Archive: 11/26/2007

Burning out? Try logging off

You might think that a long vacation is the way to beat job burnout. But the kind of vacation you have is just as important – if not more important – than its length, concludes Prof. Dov Eden, an organizational psychologist ...

Nov 26, 2007
4 / 5 (7) 0

Early Catholic leaders failed Aborigines

Australia's early Catholic bishops failed Aborigines by paying lip service to their plight and not providing enough resources to help them, according to a new historical study.

Nov 26, 2007
3 / 5 (4) 0

Studies of ancient supercontinent don't match up

For a quarter-century or more, the prevailing view among geoscientists—supported by paleomagnetic records in rock—has been that the portion of the ancient supercontinent of Pangea that is now the Colorado Plateau in southern ...

Nov 26, 2007
4.4 / 5 (40) 0

Watch Out for Flying Moondust

At Cape Canaveral, not far from the launch pad where the space shuttle lifts off, there's a ragged hole in a chain link fence. Its message: Watch out for flying boulders.

Nov 26, 2007
4.5 / 5 (12) 2

Warning signals for drivers who like to listen to music

Listening to the radio can make it hard for drivers to hear the collision avoidance warning signals that are increasingly being introduced into new cars. Oxford University experimental psychologists have analysed ...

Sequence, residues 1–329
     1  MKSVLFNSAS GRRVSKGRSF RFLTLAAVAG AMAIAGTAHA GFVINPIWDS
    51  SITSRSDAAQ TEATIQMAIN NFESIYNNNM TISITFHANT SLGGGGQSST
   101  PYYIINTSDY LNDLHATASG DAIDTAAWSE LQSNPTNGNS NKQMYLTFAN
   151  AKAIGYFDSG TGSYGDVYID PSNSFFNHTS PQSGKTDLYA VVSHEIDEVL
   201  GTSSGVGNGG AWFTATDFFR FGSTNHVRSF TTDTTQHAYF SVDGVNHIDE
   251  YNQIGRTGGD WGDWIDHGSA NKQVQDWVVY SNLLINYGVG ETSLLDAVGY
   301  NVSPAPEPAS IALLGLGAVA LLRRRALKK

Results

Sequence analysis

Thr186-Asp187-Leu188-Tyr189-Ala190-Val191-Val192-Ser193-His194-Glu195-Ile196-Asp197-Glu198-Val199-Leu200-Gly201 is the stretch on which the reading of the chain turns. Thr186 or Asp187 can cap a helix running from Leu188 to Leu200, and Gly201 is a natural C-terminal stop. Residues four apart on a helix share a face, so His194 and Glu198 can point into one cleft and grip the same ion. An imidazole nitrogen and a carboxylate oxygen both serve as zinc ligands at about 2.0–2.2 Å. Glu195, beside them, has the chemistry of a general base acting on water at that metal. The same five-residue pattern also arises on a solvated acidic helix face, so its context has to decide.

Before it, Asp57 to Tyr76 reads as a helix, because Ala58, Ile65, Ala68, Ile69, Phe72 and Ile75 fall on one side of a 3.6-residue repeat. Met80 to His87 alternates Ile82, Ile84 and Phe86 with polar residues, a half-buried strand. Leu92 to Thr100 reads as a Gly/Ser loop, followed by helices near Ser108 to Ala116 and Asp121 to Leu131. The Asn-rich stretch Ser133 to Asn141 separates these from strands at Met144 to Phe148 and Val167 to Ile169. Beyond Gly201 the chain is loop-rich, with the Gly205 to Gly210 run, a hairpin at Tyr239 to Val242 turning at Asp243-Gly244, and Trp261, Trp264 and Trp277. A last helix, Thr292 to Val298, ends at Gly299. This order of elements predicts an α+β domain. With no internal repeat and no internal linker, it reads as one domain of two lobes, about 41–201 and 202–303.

Nov 26, 2007
4 / 5 (3) 0

Two Bobs in wireless world

The Wireless World Initiative (WWI) has developed prototype user-centred systems that will potentially enable millions of people to make the most of third-generation (3G) and beyond mobile technology to work, ...

Nov 26, 2007
2.7 / 5 (3) 0

Double antennas deliver double the signal

Digital TV transmission techniques that deliver most benefit in the worst reception environments have been developed by a consortium of European researchers. The technologies promise to reduce the network infrastructure needed ...

Nov 26, 2007
4.1 / 5 (9) 0

Wearing technology on your sleeve

You think the switch from typewriter to computer was a revolution? The next stage could see many of us interacting with computers inserted into our very clothes. A new project is exploring a range of applications ...

Nov 26, 2007
4.5 / 5 (4) 0